Tuesday, 9 May 2017

Counting, Numbers, and "Peace"

Numbers are very easy to learn in Japanese since 1-10 is pretty much all you need to know: 11, for example, is simply 10+1(jū-ichi = 十一) while 20, 30 etc. is just two 10's (ni-jū = 二十), three 10's (san-jū = 三十)  and so on. After that, all that remains to learn are 100 (hyaku = 百), 1,000 (sen = 千), and also 10,000 (man = 万). The latter can be a little confusing since 50,000 would be 5 ten-thousands (go-man = 5万) never 50 thousands (go-sen?!?). There is no separate word for million - it is simply a hundred ten-thousands (hyaku-man). The existence of the 10,000 unit - there is also a ¥10,000 bank note - is such an ingrained way of conceiving numbers for the Japanese that even the advanced Japanese learner struggles with saying large numbers correctly in English.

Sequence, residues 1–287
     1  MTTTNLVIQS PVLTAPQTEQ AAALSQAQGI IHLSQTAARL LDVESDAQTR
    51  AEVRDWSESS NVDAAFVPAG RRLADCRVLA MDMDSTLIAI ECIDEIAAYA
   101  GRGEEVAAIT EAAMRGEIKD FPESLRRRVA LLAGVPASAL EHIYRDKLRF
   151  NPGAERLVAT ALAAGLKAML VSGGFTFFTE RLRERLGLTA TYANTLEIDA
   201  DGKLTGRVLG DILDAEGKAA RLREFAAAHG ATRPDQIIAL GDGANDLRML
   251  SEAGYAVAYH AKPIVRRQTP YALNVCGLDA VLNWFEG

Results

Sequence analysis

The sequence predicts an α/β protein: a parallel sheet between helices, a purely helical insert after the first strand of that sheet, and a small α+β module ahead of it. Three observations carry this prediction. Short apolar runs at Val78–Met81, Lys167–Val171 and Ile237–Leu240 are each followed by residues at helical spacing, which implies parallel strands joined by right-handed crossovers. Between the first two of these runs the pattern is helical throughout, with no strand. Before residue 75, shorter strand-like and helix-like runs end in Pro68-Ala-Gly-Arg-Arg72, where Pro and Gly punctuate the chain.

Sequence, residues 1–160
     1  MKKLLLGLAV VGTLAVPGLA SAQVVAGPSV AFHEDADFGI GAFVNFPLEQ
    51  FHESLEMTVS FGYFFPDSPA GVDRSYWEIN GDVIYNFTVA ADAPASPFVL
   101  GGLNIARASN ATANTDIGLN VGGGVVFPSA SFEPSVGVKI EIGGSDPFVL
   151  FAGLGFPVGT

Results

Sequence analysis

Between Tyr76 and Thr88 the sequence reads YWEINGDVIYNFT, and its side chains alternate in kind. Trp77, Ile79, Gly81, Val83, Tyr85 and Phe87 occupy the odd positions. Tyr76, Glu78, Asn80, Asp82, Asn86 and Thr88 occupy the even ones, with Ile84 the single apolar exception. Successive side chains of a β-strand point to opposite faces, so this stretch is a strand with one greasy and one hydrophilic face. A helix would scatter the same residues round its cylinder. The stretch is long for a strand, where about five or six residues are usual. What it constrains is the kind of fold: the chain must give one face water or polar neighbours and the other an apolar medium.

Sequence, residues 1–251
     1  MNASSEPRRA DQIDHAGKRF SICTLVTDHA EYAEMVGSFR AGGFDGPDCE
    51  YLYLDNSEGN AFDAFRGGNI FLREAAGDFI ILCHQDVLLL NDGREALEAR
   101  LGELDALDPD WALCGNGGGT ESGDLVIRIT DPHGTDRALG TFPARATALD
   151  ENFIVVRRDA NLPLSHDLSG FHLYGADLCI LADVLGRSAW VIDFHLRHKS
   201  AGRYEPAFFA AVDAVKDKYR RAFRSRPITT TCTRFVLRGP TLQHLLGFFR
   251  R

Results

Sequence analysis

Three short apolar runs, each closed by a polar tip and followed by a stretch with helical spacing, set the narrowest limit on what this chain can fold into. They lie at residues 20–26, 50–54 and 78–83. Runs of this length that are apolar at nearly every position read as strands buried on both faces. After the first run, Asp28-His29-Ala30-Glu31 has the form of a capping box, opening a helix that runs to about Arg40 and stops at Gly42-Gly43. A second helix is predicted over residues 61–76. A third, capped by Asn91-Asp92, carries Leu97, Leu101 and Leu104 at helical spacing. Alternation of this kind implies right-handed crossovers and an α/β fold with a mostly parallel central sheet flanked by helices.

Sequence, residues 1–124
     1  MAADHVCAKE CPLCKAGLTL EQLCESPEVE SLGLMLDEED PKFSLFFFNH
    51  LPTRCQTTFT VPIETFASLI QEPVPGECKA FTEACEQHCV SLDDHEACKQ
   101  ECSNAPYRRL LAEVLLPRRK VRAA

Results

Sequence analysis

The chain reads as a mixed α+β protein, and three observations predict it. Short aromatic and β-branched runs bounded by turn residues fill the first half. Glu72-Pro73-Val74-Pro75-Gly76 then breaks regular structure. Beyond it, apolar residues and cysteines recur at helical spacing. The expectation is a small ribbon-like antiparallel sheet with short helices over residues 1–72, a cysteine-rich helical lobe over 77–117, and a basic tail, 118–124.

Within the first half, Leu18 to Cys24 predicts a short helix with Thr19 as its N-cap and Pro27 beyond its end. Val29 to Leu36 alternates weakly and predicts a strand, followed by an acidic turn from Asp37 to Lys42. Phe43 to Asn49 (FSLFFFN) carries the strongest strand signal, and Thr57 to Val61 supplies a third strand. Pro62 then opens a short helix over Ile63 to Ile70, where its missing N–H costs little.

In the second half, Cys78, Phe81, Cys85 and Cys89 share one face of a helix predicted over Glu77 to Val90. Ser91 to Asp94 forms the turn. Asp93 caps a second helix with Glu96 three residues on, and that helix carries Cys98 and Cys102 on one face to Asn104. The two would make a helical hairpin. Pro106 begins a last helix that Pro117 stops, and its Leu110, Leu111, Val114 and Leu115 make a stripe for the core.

An open palm with two fingers from the other hand signifies seven in Japan
Seven in Japanese...
Gestures used to express numbers are also interesting. Japanese start counting with the index finger, like the British and North Americans, not the thumb like Europeans. But they also have a novel way of counting to ten using one hand which begins with an open palm and then folding the thumb into the palm for one (see the video below). Finally, when signalling numbers from one to ten across a noisy area (like a market), the numbers 6 to 9 are shown by placing the fingers of one hand onto the palm of the other (the picture to the right is seven, for example). Incidentally, sticking up the index and middle fingers is not rude in Japan; indeed, it is a staple of photographs taken by young girls (especially JK or female high-school students) - see here for an example. The origins of this "peace-sign" are unclear and hotly disputed.